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New leadership position: Farmington Fire Department hires deputy fire chief

Farmington Fire Deputy Chief Matthew Price is the first deputy fire chief hired by the city. He will be responsible for incident command, fire alarms and sprinkler plan review. Kara Hildreth / Contributor

For the first time in the history of the Farmington Fire Department, there is a deputy fire chief.

Matthew Price began his tenure in the new leadership role July 1, after nearly seven years working in the department, being promoted to lieutenant and captain.

"It is really nice to have the second chief within our department who is now full-time to relieve me of all of those duties I was doing before," said Farmington Fire Chief Justin Elvestad.

Price's role will be diverse as the department's full-time, daytime fire response person responsible for incident command, fire alarms and sprinkler plan review. Price will also work closely with city businesses.

"He is very well respected with our fire department and will be by the community when he gets out there and meets them and starts working with fire inspections," Elvestad said.

Career aspirations

Price, 42, aspired to become a firefighter as a child.

"Growing up, when I was little, I wanted to be in the military and I wanted to be a firefighter," he said.

He sought role models in his father who was a Vietnam veteran along with uncles who served in the Korean and Vietnam wars.

"I came from a military family and my neighbor was a fulltime firefighter," Price said, seeing how both worlds lead to a life of public service and public safety.

Price enlisted with the Minnesota National Guard due to his personal desire to serve his country and seek the educational benefits offered with military service.

"Through the military I learned a lot about leadership and I came up through the ranks," he said.

In the military, his job was to maintain the health, welfare and moral of the soldiers.

"They were below me basically and you were to take care of them and make sure they had their clothing, their food and their paperwork done, and I did anything from discipline all the way to appraisal," Price said, adding he worked on evaluations. "All of that plays a huge role in fire service."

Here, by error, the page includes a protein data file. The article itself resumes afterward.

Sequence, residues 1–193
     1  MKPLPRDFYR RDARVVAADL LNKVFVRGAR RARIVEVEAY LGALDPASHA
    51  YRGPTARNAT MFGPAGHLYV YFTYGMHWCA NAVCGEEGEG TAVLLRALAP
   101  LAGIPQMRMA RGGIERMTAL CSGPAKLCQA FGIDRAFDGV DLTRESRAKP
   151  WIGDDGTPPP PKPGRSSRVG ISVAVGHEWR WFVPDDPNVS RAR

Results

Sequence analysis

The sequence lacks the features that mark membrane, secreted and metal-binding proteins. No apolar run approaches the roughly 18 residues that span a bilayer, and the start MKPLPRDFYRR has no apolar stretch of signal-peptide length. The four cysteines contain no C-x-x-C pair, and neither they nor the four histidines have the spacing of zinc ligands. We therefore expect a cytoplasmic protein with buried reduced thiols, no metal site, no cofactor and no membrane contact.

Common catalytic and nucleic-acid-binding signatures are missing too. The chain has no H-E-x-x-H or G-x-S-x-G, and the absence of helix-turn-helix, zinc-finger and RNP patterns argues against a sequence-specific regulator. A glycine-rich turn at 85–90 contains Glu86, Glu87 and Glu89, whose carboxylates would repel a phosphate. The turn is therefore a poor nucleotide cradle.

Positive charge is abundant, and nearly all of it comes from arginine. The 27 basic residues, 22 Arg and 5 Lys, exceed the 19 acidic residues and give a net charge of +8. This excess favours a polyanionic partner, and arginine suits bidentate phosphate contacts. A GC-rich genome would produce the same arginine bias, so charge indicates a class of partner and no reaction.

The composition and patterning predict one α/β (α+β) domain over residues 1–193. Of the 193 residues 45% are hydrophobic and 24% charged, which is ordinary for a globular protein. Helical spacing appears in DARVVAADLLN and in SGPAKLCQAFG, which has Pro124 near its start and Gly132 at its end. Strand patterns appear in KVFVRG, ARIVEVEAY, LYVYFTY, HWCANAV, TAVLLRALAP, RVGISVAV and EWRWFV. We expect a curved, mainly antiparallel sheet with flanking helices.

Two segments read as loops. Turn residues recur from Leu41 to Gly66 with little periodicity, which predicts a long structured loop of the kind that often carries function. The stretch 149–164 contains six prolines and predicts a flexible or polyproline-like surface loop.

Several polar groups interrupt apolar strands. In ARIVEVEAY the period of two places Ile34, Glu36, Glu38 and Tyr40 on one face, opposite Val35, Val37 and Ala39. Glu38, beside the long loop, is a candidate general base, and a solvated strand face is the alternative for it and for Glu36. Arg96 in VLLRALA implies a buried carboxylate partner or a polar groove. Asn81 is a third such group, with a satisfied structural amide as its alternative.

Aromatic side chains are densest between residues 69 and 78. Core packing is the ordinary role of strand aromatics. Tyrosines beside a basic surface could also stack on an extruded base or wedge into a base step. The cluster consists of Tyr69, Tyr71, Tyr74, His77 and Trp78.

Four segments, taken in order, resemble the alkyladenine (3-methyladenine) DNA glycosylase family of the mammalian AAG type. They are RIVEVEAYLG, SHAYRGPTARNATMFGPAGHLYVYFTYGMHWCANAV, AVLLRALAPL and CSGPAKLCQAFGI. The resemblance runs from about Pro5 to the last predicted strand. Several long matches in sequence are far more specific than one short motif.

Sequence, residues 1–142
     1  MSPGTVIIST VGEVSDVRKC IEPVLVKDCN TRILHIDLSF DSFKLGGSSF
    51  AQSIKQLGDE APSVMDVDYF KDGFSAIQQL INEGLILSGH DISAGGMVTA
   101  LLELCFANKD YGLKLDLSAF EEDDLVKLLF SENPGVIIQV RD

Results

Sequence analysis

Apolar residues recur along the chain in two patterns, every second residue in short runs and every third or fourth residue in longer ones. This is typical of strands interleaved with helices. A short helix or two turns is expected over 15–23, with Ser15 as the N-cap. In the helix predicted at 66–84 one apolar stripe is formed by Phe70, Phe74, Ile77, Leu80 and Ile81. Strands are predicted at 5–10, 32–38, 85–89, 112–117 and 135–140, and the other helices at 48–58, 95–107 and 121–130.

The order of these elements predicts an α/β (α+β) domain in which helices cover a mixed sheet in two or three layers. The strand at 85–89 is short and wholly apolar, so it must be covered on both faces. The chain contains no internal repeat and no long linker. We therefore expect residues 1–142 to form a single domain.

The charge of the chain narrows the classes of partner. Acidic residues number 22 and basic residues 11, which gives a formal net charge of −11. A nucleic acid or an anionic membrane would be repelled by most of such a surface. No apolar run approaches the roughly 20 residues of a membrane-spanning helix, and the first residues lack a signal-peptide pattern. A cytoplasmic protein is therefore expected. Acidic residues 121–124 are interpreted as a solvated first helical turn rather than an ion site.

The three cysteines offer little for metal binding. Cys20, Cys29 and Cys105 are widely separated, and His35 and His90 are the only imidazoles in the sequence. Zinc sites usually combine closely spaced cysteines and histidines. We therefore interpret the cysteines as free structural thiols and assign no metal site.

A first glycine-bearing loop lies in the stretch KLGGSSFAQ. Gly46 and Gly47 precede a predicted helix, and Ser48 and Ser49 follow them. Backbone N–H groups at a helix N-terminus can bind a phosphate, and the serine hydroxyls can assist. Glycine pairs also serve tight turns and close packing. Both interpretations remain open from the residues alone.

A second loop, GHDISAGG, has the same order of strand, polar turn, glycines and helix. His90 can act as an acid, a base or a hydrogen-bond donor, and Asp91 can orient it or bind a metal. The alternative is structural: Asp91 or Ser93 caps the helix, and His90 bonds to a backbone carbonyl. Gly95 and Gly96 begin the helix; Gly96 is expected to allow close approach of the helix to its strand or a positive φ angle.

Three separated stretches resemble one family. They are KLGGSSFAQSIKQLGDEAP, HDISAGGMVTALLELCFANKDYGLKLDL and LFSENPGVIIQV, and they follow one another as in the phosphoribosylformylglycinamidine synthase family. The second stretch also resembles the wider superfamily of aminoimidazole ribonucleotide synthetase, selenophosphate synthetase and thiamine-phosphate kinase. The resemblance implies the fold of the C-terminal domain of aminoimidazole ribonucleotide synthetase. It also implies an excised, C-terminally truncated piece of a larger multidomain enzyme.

In his time off duty, Price said he embraces the cold weather and loves ice fishing. Each winter he travels south with a couple guys from the fire department to compete in a yellow bass ice fishing tournament in Clear Lake, Iowa.

Price takes his discipline to seek greater health and fitness and is busy training for a half marathon race in a month. He said he enjoys running and has completed 5K and 10-mile races.

"Staying in shape and being healthy is part of the job since we can get those 2 a.m. in the morning calls, and we offer a free-of-charge gym for firefighters at the other station," he said.

Fire department meeting goals

Elvestad said the department is still in negotiations with city leadership and council about deploying a potential duty crew.

"As the population grows, our call volumes will grow and our paid, on-call personnel are harder and harder to find in terms of recruits and to maintain," Elvestad explained.

The Fire Department welcomed seven paid, on-call firefighters who began orientation July 8. These firefighters will spend the next six to eight months going through in-house training and then attend the fire academy before being able to respond to fire calls.

Due to the major investment in time and training hours, sometimes a fire department hires for seven positions and ends up with four men or women left who completed all the necessary training.

When those firefighters get up to speed, the department will have 57 firefighters ready to respond. The department is authorized to employ 60 firefighters.

Under the leadership of Elvestad, Price said he looks forward to contributing and making the fire department even stronger.

"I think the moral is really good and everyone works well together," he said.

Price said he is also looking forward to visiting commercial businesses to complete fire inspections and multi-family residential housing inspections.

"I most look forward to the public education piece and I really want to get out into the community and begin educating them about fire prevention practices, codes, the intent of the code and why we have it. It is not necessarily for the kids — it is for the adults, business owners and people who visit our community," Price said.

Price will be formally sworn in as the new deputy fire chief at the same time as the City Council approves the new captain position and possibly a new lieutenant at a ceremony in August or September at City Hall.

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